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The Bodies of Mount Everest, the World's Highest Graveyard

Jason Ponic works in the exciting world of Hollywood film and television by day and writes by night.

The slopes of the world's highest mountain serve as the final resting place for many who have attempted the dangerous climb.

The slopes of the world's highest mountain serve as the final resting place for many who have attempted the dangerous climb.

How Many Frozen Bodies Are There on Mount Everest?

The rule of Everest is simple: You're left where you fall. Over the last eighty years, around 300 climbers have failed to return alive from the world's highest mountain, earning it the unofficial title of "the world's highest graveyard." The mountain's fabled "death zone," or the portion above 25,000 feet, is where the majority of these climbing fatalities occur.

Many wonder why so few attempts are made to recover the bodies that litter that mountain, and the truth is painful—it's hard enough for the living to return alive, and it's near impossible to recover most of the dead. In recent years, however, outcry and incentives have finally pushed expedition leaders to begin removing some of the bodies that rest on Everest's slopes. While some bodies have been removed, it is estimated that over 100 remain on the mountain.

In addition to bodies, discarded climbing gear, oxygen bottles, and other detritus from years of dangerous expeditions litter the mountainside, earning Everest yet another unofficial title: "the world's highest trashcan."

How Well-Preserved Are Climbers' Bodies?

A typical dead body on Everest weighs over 200 pounds and is frozen solid. Before the body can even be moved, it must first be broken free from the mountainside. Most bodies freeze to the mountainside less than one hour after death and freeze solid in less than four hours.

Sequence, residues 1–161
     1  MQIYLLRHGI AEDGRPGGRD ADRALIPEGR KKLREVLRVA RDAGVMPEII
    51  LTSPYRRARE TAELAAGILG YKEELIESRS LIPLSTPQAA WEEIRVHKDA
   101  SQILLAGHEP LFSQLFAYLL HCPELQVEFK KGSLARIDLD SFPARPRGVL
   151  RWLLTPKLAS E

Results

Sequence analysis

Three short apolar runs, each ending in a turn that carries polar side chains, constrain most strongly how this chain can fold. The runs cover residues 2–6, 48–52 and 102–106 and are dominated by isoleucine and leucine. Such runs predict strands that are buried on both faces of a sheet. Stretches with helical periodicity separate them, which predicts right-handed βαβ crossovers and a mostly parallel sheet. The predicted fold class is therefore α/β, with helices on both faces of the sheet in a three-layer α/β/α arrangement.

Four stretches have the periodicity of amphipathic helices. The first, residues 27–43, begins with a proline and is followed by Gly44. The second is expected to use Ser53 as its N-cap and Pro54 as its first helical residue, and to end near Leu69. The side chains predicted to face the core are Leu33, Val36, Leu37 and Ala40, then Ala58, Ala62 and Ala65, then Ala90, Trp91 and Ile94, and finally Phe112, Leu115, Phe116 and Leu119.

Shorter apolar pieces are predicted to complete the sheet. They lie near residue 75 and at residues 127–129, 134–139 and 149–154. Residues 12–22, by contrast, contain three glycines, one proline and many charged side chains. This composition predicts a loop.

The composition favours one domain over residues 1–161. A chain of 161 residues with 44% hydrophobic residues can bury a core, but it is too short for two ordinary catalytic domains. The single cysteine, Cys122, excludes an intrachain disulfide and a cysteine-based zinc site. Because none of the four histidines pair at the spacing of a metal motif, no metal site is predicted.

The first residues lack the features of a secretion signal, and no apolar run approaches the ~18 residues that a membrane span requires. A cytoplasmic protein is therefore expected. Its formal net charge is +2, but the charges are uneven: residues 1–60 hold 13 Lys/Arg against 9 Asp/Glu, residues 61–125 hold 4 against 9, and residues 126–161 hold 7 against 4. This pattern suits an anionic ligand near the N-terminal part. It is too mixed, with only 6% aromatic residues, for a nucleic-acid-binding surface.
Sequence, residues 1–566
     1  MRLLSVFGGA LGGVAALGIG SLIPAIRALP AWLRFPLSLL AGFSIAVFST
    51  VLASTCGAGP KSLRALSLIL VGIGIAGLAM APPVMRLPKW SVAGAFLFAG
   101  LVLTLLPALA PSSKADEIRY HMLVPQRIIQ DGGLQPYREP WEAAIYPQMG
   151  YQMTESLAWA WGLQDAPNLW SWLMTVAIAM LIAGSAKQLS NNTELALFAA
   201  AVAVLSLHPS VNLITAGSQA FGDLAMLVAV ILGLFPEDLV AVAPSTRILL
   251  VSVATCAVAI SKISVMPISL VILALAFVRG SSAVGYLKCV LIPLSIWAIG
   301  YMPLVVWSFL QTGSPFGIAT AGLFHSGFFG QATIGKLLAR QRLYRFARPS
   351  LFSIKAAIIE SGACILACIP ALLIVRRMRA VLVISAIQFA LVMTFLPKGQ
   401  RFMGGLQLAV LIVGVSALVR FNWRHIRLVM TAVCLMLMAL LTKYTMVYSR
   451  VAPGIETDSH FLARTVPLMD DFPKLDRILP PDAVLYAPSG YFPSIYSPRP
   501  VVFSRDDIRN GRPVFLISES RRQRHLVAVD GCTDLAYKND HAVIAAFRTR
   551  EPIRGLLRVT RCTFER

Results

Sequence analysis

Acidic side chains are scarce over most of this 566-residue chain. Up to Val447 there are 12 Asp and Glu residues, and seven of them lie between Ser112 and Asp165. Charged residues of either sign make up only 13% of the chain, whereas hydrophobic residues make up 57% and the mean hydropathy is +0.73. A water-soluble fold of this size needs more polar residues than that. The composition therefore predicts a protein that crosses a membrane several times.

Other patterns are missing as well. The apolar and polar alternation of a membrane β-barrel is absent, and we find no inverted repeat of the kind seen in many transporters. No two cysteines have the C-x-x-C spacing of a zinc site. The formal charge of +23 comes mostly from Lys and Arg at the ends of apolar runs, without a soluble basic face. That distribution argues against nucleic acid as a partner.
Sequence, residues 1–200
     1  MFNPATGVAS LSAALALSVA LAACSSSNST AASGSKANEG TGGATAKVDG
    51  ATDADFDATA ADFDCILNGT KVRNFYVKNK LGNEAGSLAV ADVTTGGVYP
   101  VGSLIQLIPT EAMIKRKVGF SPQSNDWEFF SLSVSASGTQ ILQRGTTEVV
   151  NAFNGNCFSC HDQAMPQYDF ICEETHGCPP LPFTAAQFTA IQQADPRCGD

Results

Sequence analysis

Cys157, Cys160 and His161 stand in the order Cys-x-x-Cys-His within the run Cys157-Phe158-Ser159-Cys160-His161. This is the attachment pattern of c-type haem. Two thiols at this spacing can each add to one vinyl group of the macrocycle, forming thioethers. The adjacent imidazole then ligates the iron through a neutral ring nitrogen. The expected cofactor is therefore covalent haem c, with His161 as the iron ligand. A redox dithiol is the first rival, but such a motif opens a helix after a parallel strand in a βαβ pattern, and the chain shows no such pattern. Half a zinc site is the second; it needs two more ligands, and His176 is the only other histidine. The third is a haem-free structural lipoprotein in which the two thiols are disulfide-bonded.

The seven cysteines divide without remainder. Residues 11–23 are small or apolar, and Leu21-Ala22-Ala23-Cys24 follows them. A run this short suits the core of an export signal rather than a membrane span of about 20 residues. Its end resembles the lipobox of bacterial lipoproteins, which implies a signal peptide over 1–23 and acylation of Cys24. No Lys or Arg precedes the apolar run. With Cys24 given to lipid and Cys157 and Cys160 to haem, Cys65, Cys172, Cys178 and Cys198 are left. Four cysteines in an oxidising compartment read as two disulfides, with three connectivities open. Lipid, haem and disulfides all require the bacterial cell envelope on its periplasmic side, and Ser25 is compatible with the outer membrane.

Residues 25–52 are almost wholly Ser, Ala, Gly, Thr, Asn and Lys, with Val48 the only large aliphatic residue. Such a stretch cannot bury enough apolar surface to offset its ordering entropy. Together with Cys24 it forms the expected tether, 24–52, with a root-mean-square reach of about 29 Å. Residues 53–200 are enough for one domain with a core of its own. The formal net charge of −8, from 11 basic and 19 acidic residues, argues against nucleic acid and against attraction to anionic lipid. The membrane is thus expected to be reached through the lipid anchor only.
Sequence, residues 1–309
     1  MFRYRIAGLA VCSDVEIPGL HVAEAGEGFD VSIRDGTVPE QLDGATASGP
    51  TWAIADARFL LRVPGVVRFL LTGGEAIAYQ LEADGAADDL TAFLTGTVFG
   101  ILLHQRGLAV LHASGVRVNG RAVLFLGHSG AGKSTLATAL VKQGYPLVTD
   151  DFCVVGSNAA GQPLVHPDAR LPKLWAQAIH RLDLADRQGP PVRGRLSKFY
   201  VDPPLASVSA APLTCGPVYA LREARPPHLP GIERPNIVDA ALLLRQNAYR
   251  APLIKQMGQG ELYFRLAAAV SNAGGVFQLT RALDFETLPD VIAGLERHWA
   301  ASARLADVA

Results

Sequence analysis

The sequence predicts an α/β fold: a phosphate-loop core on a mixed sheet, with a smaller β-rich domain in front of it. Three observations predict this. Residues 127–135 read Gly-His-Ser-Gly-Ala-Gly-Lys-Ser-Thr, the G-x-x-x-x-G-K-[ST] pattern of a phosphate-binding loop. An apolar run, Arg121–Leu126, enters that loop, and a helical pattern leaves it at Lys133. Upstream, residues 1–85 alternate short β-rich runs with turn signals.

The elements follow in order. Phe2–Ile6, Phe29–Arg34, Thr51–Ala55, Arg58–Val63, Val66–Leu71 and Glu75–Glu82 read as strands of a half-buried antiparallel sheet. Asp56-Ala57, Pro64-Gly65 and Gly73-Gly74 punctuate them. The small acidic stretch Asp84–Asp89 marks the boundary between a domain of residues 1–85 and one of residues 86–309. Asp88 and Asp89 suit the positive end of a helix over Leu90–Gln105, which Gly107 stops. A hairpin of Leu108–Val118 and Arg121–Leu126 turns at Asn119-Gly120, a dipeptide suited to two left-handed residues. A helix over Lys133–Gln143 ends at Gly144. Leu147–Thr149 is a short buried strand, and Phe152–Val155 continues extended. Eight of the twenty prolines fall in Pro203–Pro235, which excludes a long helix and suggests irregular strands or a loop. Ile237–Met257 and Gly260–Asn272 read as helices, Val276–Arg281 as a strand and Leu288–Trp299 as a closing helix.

Due to the temperature, these corpses remain frozen 365 days a year. As a result, most of the bodies are nearly perfectly preserved, even after being abandoned for decades. No better example exists than the still-frozen body of George Mallory, which was discovered in 1999. He and his climbing partner disappeared over 80 years ago, but his body has barely decayed.

The phrase "death zone" refers to all parts of Everest above 25,000 feet in elevation. This is where the majority of climbing fatalities occur.

The phrase "death zone" refers to all parts of Everest above 25,000 feet in elevation. This is where the majority of climbing fatalities occur.

What Is the Death Zone?

Most of the mountain's dead lie in what's called the "death zone," or the part of the mountain above 25,000 feet where the air contains only a third of the amount of oxygen as the air at sea level. As a result, helicopters cannot fly to this altitude, making airlifting bodies impossible. Each body must be hand-carried down icy rock faces and slippery frozen slopes.

Why Is It So Difficult to Remove Climbers' Corpses?